Cherchez LA funds: English Learners get stuck

Los Angeles Unified profits by keeping kids in English Learner status long after they’ve met state and local standards for fluency, argues Lance Izumi of the Pacific Research Institute in the LA Daily News.  The district gets more money and higher test scores.

A Bureau of State Audits report found 62 percent of LA’s English Learners met criteria for fluency but weren’t reclassified.

The state Legislative Analyst’s Office has found that districts have a financial incentive for keeping students classified as English learners because federal and state programs distribute funds based on the number of students eligible for those programs.

. . . NCLB requires subgroups such as English learners to make annual progress toward grade-level proficiency in math and English language arts. Keeping English-fluent students in the English-learner category increases the chances that schools will meet federal goals.

Less than 40 percent of English Learners are reclassified as fluent after 10 years in California schools, estimates the state Education Department.

In addition to changing the perverse incentives, Izumi suggests giving parents a “voucher that would allow them and their children to exit immediately from public schools in Los Angeles and elsewhere that fail to transition students to English fluency quickly.”

Via Learning the Language.

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  1. The idea that the incentive should go to the families is an interesting one. I’m not all for school vouchers, but perhaps we should explore the idea that if your student transitions successfully out of ELL, IEP or Special Ed services you will get some kind of incentive, perhaps in the form of college tuition breaks. Of course that might lead to everyone wanting their child to be classified as one of those three things, assuming they’d transition out and therefore get the money, but perhaps there’s something to the idea.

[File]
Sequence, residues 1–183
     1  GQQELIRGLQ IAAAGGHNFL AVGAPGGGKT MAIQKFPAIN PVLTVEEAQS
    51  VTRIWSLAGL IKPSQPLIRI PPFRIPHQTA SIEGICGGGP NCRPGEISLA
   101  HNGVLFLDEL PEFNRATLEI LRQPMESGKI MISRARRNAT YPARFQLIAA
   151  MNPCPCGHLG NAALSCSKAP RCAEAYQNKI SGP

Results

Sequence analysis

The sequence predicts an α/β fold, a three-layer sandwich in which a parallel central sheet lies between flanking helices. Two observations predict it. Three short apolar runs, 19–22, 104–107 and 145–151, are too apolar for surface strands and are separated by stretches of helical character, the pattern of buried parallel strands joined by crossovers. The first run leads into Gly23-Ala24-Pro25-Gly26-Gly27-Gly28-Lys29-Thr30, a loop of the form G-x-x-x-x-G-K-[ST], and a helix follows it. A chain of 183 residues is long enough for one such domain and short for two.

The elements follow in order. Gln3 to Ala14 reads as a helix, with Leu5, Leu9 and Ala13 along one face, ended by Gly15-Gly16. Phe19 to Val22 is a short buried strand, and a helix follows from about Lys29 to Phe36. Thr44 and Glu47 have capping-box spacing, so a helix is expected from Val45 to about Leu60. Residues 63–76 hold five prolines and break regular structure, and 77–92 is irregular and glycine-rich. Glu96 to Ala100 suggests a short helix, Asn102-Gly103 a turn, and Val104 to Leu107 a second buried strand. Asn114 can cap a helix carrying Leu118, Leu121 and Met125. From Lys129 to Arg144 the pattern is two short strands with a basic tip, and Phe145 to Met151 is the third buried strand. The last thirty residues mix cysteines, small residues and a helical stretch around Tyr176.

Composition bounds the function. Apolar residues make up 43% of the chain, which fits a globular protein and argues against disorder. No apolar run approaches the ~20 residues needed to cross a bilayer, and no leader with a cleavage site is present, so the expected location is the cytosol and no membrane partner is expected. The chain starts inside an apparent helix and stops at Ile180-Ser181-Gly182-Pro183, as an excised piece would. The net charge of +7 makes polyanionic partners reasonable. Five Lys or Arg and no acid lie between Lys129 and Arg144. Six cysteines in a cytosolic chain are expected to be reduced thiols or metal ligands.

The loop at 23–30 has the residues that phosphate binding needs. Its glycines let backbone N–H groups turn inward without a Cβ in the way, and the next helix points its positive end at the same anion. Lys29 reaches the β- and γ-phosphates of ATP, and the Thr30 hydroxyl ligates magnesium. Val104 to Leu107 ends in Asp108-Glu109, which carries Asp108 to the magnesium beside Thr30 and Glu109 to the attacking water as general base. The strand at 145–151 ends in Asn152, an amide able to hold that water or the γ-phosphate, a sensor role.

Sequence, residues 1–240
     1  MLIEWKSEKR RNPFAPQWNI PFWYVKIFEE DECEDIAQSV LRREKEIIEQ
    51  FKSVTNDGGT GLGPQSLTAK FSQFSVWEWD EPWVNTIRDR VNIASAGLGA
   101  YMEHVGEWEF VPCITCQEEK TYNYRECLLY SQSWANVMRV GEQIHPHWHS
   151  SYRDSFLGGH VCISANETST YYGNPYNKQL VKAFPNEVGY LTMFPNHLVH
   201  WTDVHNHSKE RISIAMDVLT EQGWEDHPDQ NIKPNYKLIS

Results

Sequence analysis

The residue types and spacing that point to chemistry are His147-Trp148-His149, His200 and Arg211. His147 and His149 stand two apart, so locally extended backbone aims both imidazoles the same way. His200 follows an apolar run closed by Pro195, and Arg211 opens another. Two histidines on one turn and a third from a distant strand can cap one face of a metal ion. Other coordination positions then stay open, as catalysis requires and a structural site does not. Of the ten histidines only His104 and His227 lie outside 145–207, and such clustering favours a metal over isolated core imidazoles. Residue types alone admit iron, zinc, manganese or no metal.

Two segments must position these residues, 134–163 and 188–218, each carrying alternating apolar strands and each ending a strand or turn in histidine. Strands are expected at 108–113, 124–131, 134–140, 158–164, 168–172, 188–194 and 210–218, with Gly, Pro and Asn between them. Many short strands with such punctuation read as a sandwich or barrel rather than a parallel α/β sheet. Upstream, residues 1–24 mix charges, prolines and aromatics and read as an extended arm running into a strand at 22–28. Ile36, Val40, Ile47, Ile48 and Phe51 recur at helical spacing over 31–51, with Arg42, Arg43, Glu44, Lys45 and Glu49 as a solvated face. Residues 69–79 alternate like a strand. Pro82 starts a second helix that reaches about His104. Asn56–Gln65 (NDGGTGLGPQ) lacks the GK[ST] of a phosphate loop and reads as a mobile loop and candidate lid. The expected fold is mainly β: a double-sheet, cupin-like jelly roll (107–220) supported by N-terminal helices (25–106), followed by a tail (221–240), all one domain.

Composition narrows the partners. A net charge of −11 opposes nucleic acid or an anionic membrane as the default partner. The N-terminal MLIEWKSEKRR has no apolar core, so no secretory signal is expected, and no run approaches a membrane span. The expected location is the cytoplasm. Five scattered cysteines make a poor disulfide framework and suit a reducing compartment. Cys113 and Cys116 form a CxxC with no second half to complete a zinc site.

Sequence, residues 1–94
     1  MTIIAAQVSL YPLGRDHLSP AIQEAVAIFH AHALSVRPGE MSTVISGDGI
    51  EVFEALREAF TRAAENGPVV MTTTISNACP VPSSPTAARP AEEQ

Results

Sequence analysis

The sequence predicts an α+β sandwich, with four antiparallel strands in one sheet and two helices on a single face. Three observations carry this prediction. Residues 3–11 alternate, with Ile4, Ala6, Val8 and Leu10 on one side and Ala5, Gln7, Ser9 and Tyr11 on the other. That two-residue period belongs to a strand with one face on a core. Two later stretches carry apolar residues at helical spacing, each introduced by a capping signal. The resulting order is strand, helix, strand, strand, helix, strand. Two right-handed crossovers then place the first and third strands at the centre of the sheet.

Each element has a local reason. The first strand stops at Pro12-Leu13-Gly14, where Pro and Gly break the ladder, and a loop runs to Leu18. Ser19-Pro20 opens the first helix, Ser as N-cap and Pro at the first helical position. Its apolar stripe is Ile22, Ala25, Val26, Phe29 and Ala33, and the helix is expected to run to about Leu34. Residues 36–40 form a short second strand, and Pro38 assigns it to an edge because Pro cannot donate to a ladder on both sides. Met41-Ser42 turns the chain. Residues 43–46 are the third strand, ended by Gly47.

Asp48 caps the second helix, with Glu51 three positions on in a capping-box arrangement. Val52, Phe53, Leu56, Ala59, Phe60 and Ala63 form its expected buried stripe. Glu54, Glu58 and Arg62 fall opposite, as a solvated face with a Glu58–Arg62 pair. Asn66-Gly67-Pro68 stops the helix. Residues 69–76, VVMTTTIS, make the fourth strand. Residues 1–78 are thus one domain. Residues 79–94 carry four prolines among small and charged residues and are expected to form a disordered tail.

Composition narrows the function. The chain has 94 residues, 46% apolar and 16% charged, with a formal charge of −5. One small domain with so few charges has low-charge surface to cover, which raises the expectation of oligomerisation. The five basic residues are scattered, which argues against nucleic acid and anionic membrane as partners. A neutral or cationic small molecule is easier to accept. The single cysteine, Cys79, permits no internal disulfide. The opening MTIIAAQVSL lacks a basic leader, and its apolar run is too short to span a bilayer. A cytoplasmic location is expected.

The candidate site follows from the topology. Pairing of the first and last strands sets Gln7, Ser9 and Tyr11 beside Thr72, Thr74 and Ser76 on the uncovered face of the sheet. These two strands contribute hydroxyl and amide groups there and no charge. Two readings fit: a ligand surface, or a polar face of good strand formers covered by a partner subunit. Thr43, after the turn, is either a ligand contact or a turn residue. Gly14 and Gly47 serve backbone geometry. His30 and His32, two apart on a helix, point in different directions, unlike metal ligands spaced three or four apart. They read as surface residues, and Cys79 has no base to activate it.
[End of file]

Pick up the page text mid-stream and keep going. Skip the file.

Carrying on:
2. It may not be intentional. For students to advance they have to demonstrate language mastery on the California English Language Development Test (CELDT). The test has several components and the one that always trips up our kids is the writing component. It’s hard. Since we are obligated to advance our EL students according NCLB, there really is no incentive to hold them back. (Even after they are reclassified, they count as EL’s for two more years!)

  3. Shouldn’t being fluent in English and able to converse with any agency or individual in this country be enough incentive on its own?

  4. Richard Aubrey says:

    Our biggest nearby city has an extensive program for kids who don’t speak English as a first language. I talked to the proprietor who, in an unguarded moment, told me there were five kids whose families spoke no English in the program. The entire program was sold on the premise that we were about to be overrun with kids who had no clue about English.
    One of my colleagues got her daughter into the program because they had a Hispanic last name and she figured it would be the best way for the kid to learn Spanish.

  5. Diana Senechal says:

    In New York State, there are four levels for English language learners: beginner, intermediate, advanced, and proficient. Once you score proficient, you don’t need to be in ESL class any longer—but you are still entitled to testing accommodations for two more years.

    Some students who were born and raised in the U.S.—and yet classified as English language learners—fail to score proficient year after year, not because they don’t know enough English, but because their writing isn’t up to par. It is possible that many non-ELLs would fail to score proficient if they took the test.

    I would say students who score “advanced” should go into regular classes, including ELA–or at least that should be an option. It may be a struggle for them at first, but the challenge will benefit them in the long run.

    Also, students should have opportunities to take the test during the year, perhaps once in the fall and once in the spring. In New York State it is administered only in the spring. Some students make great progress over the summer and then have to wait until the following spring to take the test again.


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